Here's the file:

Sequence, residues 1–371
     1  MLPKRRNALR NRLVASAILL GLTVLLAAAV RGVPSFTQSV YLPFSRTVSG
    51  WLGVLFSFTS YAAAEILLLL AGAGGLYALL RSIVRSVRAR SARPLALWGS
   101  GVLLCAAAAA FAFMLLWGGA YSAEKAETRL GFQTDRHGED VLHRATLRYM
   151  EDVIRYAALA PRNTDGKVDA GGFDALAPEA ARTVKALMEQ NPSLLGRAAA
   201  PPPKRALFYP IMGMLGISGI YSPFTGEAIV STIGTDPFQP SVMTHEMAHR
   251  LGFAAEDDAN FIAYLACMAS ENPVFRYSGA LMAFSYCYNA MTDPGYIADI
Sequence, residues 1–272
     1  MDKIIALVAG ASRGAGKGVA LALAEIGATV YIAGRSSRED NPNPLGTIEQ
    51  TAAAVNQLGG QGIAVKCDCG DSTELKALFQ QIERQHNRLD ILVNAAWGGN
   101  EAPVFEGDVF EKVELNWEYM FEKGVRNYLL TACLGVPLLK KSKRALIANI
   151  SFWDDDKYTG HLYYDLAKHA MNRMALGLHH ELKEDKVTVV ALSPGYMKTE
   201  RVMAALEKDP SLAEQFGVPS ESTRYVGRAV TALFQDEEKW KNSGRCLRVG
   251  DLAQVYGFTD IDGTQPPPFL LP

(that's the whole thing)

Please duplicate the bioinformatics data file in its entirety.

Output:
Sequence, residues 1–371
     1  MLPKRRNALR NRLVASAILL GLTVLLAAAV RGVPSFTQSV YLPFSRTVSG
    51  WLGVLFSFTS YAAAEILLLL AGAGGLYALL RSIVRSVRAR SARPLALWGS
   101  GVLLCAAAAA FAFMLLWGGA YSAEKAETRL GFQTDRHGED VLHRATLRYM
   151  EDVIRYAALA PRNTDGKVDA GGFDALAPEA ARTVKALMEQ NPSLLGRAAA
   201  PPPKRALFYP IMGMLGISGI YSPFTGEAIV STIGTDPFQP SVMTHEMAHR
   251  LGFAAEDDAN FIAYLACMAS ENPVFRYSGA LMAFSYCYNA MTDPGYIADI
Sequence, residues 1–272
     1  MDKIIALVAG ASRGAGKGVA LALAEIGATV YIAGRSSRED NPNPLGTIEQ
    51  TAAAVNQLGG QGIAVKCDCG DSTELKALFQ QIERQHNRLD ILVNAAWGGN
   101  EAPVFEGDVF EKVELNWEYM FEKGVRNYLL TACLGVPLLK KSKRALIANI
   151  SFWDDDKYTG HLYYDLAKHA MNRMALGLHH ELKEDKVTVV ALSPGYMKTE
   201  RVMAALEKDP SLAEQFGVPS ESTRYVGRAV TALFQDEEKW KNSGRCLRVG
   251  DLAQVYGFTD IDGTQPPPFL LP